Before I had even been enrolled in kindergarten, my parents had signed me up for my local mosque’s Sunday school, with high hopes that I would connect with Islam from a young age. I remember looking forward to Sunday mornings, sitting among my peers in my mosque classroom where my Sunday school teachers encouraged us to learn the processes behind “wudu” (the practice of washing in preparation of prayer), prayer and many other facets of Islam.
Some of the greatest lessons I have learned were in Sunday school — it showed me that even the most trivial tasks had profound lessons behind them. Putting my shoes away in the shoe racks to ensure no one else would trip and fall taught me the importance of looking after others and gave me a sense of moral responsibility. Knowing that every time I had to come to the mosque, I should be in a state of wudu, maintaining “tahara” (cleanliness), taught me the importance of taking care of myself and looking presentable. Knowing that I was to be the first one to greet the various aunties and uncles when I arrived at the mosque showed me the importance of respecting my elders.
Week after week, I looked forward to learning more about my religion. The classroom we used was relatively small, and the teachers our mosque employed volunteered their time. It was different than what I experienced in academic school, but I, along with the rest of my Muslim peers, always felt like we were learning just as much. The stories we were told and read motivated us to make better decisions throughout the week.
A figure in Islam who I particularly enjoyed learning about was Khadija, the wife of the Prophet Muhammad. She is considered one of the most important female figures in Islam, known as the “mother of the believers,” as she was the prophet’s first follower. Growing up, I found that the people on television were often white males, and the fairy-tale movies I watched never had girls of color like me — I often felt a lack of role models to look to.
Our Sunday school curriculum went beyond storytelling — our teachers encouraged us to apply what we had learned from our stories and tales to situations going on in our own lives. There was an allotted time for discussion of current events. It followed with a talk about our feelings and an open invitation to ask for advice on any situation that may be troubling us.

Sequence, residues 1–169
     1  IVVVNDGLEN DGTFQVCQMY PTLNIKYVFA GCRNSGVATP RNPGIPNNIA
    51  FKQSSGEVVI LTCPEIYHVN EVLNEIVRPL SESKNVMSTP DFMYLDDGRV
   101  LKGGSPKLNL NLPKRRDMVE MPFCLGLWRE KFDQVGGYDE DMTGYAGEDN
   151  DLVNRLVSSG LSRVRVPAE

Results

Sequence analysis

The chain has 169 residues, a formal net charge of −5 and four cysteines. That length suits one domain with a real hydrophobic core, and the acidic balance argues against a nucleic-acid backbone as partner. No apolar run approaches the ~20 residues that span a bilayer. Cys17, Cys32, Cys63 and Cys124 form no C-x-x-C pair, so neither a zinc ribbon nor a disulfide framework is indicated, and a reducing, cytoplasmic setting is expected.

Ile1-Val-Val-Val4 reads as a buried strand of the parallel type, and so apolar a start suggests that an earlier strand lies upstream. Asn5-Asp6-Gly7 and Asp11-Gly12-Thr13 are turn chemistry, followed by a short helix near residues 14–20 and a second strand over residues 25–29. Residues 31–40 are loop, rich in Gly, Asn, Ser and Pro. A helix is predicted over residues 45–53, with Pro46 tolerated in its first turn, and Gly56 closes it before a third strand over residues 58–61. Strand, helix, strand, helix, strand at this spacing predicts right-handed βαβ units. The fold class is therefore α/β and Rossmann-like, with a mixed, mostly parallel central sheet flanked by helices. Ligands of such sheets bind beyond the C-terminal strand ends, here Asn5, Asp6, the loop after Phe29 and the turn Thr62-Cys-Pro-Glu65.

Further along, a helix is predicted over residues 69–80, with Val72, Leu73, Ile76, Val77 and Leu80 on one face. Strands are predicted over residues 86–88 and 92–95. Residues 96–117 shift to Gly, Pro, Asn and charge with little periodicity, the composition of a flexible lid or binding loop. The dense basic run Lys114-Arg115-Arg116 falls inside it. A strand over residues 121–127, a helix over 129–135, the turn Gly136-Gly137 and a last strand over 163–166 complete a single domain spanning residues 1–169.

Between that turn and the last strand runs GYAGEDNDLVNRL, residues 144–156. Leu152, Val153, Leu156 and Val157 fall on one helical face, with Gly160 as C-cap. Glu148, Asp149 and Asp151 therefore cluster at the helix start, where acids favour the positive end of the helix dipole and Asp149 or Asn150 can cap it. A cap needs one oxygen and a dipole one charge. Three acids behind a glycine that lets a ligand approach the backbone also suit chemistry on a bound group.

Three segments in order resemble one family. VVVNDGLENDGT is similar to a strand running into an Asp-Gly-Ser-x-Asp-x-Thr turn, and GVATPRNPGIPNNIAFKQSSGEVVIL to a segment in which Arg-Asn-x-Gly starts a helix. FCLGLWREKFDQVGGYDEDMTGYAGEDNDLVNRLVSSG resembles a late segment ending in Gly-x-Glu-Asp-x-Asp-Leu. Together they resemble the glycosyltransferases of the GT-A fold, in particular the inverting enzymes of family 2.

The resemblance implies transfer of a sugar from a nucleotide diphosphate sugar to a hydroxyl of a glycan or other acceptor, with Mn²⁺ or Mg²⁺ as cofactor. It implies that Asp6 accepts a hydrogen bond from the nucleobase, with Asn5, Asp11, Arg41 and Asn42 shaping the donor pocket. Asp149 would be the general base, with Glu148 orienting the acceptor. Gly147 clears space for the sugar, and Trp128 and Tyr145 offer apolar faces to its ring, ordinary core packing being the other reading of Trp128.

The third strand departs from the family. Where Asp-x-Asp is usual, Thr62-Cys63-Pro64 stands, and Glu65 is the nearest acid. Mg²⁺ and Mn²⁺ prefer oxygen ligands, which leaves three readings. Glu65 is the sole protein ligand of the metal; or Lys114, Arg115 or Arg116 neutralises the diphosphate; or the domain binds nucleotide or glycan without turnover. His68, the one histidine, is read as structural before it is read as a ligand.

When I was taught the stories of Khadija, I felt like she was finally someone I could relate to. Khadija was even from the tribe Quraysh, and my last name, Quraishi, is derived from the name of this tribe. I could imagine myself in the positions Khadija was put in in Mecca, the persecution she endured, and the grace with which she handled these situations. I found parallels in my own life to her stories, and her patience and tenacity inspired me.
Khadija was also known for building up her own business successfully through hard work while maintaining ethical decision-making. Inspired by her, I found myself from a young age dedicating myself to school and being met with my own smaller successes: correctly memorizing my times tables, advancing in my school spelling bees and competing in my district math field days. My school successes aside, it was Khadija’s character traits that most inspired me. She was known for her kindness and patience, qualities that I strived to have as well.
When I was younger, the lessons we learned from these stories were more innocent, but as I grew older, the conversations became more serious and had more and more depth, as I often found that to be labeled Muslim by the outside world came with its own set of hatred spewed upon me. Fortunately, I was able to look to my Sunday school teachers for mentorship and my peers for community.
While I no longer regularly attend Sunday school, the experiences I had I hold close to myself. Whenever I return to the mosque, I look at the school’s projects and assignments displayed on the walls and am reminded of my own work, of the fun times I had myself growing up in Sunday school, and of all the stories that have helped to shape me. Within the confines of the walls of my mosque classroom, I could freely talk about situations and I felt comfortable to grow and learn about the world.
Zobia Quraishi writes the Wednesday column on being Muslim and first-generation Indian American.